Having already examined the ProForm’s entry-level Studio Bike Pro and top-tier TDF Pro indoor cycles, we’re left with the brand’s middle offering—the TDF Bike. Priced $500 higher than the former and only $200 below the latter, the TDF Bike is geared towards those riders interesting in incline and decline adjustment but not
|Model||ProForm TDF Bike|
|Resistance Type||SMR Silent Magnetic Resistance|
|Seat||Padded and adjustable|
|Pedals||Toe Cage w/ Adjustable Straps|
|Heart Rate||Compatible with Bluetooth Chest Straps|
|Max. Weight||350 lbs|
|Dimensions||25" x 64.75" x 59"|
Parts: 3 years
Labor: 1 year
Rating: 80.0/100. Much like its more expensive sibling, the TDF Bike also offers incline and decline functionality that is power-operated. Participating in iFit training courses, your incline and decline will be adjusted automatically as you ride, as it will in the 24 built-in training programs that simulate various stages of the Tour de France.
Though this model is also iFit enabled, there’s a bit of a catch. If you want this interactive training your monthly membership is not included in the purchase price, and should you decide to sign up for it you may as well buy the TDF Pro; the annual membership cost is more than the price difference between the two bikes, and on top of that you would have to run the app/programs from your own tablet mounted in the bike’s integrated tablet holder. That in mind, this bike is much better suited for those who care less about interactive training and more about the combination of good build quality and incline/decline capability.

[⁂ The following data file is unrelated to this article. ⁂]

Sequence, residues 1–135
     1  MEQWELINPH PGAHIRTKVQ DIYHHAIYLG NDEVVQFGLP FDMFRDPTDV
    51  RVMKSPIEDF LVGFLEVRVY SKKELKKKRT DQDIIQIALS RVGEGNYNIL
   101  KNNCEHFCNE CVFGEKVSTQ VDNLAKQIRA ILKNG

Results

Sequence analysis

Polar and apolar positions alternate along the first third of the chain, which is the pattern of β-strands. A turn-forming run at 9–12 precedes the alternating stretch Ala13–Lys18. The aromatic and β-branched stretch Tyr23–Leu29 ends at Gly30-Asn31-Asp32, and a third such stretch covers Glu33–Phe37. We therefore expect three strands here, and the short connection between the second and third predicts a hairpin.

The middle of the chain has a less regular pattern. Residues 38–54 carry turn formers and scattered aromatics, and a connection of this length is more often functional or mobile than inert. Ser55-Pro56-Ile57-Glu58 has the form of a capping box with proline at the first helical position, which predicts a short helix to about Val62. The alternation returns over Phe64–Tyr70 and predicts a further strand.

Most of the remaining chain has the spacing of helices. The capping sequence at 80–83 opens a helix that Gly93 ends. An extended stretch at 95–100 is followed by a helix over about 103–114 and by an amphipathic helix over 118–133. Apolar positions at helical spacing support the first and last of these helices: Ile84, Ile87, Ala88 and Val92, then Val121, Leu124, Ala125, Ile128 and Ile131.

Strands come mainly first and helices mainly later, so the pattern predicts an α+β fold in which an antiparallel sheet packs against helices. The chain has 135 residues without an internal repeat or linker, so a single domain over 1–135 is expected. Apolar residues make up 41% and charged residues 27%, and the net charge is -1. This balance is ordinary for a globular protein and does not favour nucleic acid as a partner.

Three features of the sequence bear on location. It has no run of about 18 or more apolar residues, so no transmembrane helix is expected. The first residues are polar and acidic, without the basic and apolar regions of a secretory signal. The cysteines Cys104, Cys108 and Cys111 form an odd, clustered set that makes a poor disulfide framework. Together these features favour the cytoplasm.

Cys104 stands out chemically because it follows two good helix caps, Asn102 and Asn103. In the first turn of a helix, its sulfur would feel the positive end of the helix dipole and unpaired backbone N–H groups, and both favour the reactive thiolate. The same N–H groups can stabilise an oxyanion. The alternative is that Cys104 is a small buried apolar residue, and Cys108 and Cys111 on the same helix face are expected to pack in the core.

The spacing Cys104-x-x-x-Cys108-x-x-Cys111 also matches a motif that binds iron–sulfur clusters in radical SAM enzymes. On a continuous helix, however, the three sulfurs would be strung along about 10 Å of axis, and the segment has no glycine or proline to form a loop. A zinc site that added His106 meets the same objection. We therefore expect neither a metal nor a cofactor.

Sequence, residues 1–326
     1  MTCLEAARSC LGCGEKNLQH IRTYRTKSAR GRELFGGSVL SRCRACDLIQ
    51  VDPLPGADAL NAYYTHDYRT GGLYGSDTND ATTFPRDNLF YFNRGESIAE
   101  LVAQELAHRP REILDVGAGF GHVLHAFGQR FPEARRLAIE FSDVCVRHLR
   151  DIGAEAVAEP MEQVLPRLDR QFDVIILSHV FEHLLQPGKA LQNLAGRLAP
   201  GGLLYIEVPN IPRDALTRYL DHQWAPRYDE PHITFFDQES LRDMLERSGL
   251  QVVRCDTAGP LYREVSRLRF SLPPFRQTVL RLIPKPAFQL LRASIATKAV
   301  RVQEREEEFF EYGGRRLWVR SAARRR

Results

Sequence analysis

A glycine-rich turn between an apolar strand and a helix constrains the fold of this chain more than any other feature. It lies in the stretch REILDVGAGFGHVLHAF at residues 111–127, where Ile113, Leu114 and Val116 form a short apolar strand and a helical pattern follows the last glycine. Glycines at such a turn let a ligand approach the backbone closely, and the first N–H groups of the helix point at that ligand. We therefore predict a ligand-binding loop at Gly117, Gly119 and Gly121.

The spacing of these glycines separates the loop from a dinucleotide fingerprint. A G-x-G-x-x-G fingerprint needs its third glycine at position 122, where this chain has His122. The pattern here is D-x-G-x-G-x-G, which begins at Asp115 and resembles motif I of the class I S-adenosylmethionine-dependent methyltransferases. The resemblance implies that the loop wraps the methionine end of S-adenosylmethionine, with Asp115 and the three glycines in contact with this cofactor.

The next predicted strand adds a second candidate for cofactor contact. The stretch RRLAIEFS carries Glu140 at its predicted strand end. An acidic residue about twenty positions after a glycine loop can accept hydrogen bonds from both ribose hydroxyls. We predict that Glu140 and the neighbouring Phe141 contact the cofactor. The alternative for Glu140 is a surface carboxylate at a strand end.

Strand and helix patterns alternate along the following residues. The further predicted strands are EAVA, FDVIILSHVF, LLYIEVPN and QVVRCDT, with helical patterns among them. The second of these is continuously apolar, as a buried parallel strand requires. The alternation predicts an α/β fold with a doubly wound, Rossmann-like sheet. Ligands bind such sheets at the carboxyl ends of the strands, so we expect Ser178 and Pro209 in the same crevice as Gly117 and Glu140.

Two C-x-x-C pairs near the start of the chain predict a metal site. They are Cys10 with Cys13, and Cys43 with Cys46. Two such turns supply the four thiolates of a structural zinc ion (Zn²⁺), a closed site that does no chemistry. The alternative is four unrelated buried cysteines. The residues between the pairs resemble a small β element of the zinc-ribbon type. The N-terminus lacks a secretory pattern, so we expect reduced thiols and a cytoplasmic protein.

From a structural standpoint you’re looking at the same sturdy steel frame as the Pro, capable of supporting a rider weight up to 350 lbs. Though the same in construction there is a slight difference between the two TDF frames overall. While the TDF Pro can deliver an incline or decline of 20 degrees in either direction, the more affordable TDF Bike limits that to 15 in either direction. Realistically speaking this isn’t a huge difference, and though you would notice it if you rode the Pro and non-Pro versions of the bike back-to-back, just having that +-15 degree adjustment will be noticeable when training.
Rather than a slick touchscreen, a simple and intuitive console is fitted to the ProForm TDF Bike below its tablet holder. controls for incline, gearing, intervals, recovery, and other settings are all close at hand. There are also incline and resistance controls on the handlebars, allowing you to adjust things on the fly if you’re training in manual mode.
You’re also forgoing the onboard fans with this bike version, however you do still get decent on-board speakers to help amplify the output of your tablet while training. Depending on your preference, you can either connect via Bluetooth or direct cable input. Should you be following a cross training session on your tablet, the console does swivel just like its big brother, however this isn’t quite as essential as it would be if you were following along with iFit training programs regularly.
- 15 degree incline and 15 degree decline capability—an uncommon yet useful/fun feature for an indoor cycle
- 26 digital resistance levels to choose from, ensuring that no matter how fit you are, you can still be fully challenged
- 24 built-in programs that replicate various stages of the Tour de France (once again, not common)
- A tilting display so that you can adjust the screen to your own comfort level. This will help prevent any unwanted neck strain that could potentially leave you with a neck ache